“Clinical care [the application of medical and behavioral health] currently accounts for only 20 percent of health outcomes,” the issue brief noted. “To improve care and population health outcomes, healthcare providers must address other factors, including social determinants of health. To do this, we must first focus on addressing the variability in capturing and documenting social determinants in order to use this health data to benefit patients.” (1)
The above quote is very sobering and scary. It means that even in the face of the best possible clinical care of doctors, nurses, Nurse Practitioners, surgery, CT scans, hospitals, etc., etc. there’s an 80% chance of any patient returning to a hospital, becoming ill again, developing a more severe health condition, and so on. It also means that one cannot divorce patients/clients from the rest of their world once they leave the walls of the hospital or doctors’ office. The real world – their world of family, bills, medications, supportive home environment or the lack of it, becomes real again. The social determinants of health (SDOH) is the real world, and it dominates the existence of all people.
What are the Social Determinants of Health?
The social determinants of health are any and all components that contribute to the health and wellbeing of a person other than direct medical or behavioral care. Of course, this description allows for nearly anything to be considered in one’s life. However, there are categories that are specific to this issue. Housing, finances, geographical location, social services, and education are all considered to be major determinants. Additionally, there are also the micro SDOH. In this article we will intermix components of both for discussion.
As it is in life in general, those with less financial capability are more at risk of the SDOH being of greater importance because the margin for unresolved problems to occur is so much smaller. Nevertheless, SDOH can affect anyone depending on what may be central to their immediate wellbeing. Here is a list of what’s called the micro SDOH: (9)
- Medical Care Management: fully integrated management of disease
- Autonomy: independently care for ones-self
- Self-reliance: mobility, hygiene, eating, etc.
- Safety: eliminating thoseissues that can increase harm
- Economics: one’s financial capability to access care, which includes transportation, medication, etc.
- Burden of Care: anycaregivers and/or family members that provide supportive services and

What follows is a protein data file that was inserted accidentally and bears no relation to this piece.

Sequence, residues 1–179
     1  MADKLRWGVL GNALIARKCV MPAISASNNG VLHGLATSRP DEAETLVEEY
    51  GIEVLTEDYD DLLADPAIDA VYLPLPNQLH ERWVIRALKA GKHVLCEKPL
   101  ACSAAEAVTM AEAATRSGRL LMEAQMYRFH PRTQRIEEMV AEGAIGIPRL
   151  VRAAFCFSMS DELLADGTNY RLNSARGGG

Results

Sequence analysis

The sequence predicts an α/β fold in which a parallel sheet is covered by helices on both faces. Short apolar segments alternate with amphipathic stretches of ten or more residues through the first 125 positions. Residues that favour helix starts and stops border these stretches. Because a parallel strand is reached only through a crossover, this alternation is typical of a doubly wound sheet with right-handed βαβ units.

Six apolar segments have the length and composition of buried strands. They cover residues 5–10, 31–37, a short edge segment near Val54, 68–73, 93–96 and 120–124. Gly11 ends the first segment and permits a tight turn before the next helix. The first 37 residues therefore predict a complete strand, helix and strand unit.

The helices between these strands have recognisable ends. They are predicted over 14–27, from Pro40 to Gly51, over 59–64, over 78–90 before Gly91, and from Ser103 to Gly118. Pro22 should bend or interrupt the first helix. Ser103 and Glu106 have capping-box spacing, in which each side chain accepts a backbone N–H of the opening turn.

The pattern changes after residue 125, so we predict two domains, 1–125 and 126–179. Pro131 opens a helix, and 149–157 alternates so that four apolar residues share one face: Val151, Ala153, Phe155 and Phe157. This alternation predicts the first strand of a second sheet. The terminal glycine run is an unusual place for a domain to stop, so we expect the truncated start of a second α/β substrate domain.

- Quality of Life: being happy and having dignity in one’s life and lifestyle.
In this case, “micro” does not mean less important but more focused or a more defined category. Each of these carries its own level of significance in one’s life. The closer one gets to the poverty line, however, the greater weight each of these criteria has. It begins to get to the point where medical care management may be last, or non-existent, since the person may not even be able to get care. Such is the case with many seniors, veterans, the underserved, children, the mentally ill, drug addicts, immigrants, etc. This, no doubt, becomes an issue of housing first and foremost as a major inflection point.
Hospitals particularly, and healthcare in general, have attempted to address SDOH but the efforts must be a cohesive, coordinated one with primary care providers, the family, social workers, home health care and the like. This seamless cooperation is rarely found. Nevertheless, SDOH have been on the radar screen for many years and has not gone away. It remains a focal point for all stakeholders. The issue is how to maximize it for any patient or population.
Geography, one of the major categories, plays a singular, critical role with so many patients as it is a key determinant of patients’ access to care if that care is remote and/or lacks good public transportation. This is a dominant factor primarily for the underserved and native populations. Even if there is public transportation, can they afford the fare? Or is access to transportation affected by the elements? Consider communities in the north during winter: NY, Chicago, etc. How many people are directly affected, even for a few months, when there’s severe weather and they can’t get to the doctors’ office or get their medications?
In this case, and others where geography is a factor, telemedicine is a welcome addition to services offered from a provider. This also benefits pediatric and senior populations, as well as for those needing behavioral health services. With this, IT applications have become very important in the care equation, such as with electronic medical records and remote patient monitoring (RPM). (8)
Deaths Attributed to SDOH
One study quantified the number of deaths attributed to SDOH. “Galea et al quantified the number of deaths attributable to social factors. They estimated that in the year 2000, approximately 423,000 deaths in the US were attributable to poverty, 245,000 were attributable to low educational status, 162,000 to low socioeconomic support, and 119,000 to income inequality. (2, 5) To a large extent, social and economic stressors also drive the so-called “diseases of despair”: Suicide, alcohol abuse, and opioid addiction. These diseases are creating pain and suffering for millions of American families and leading to declines in life expectancy for certain segments of the population.” (3, 5)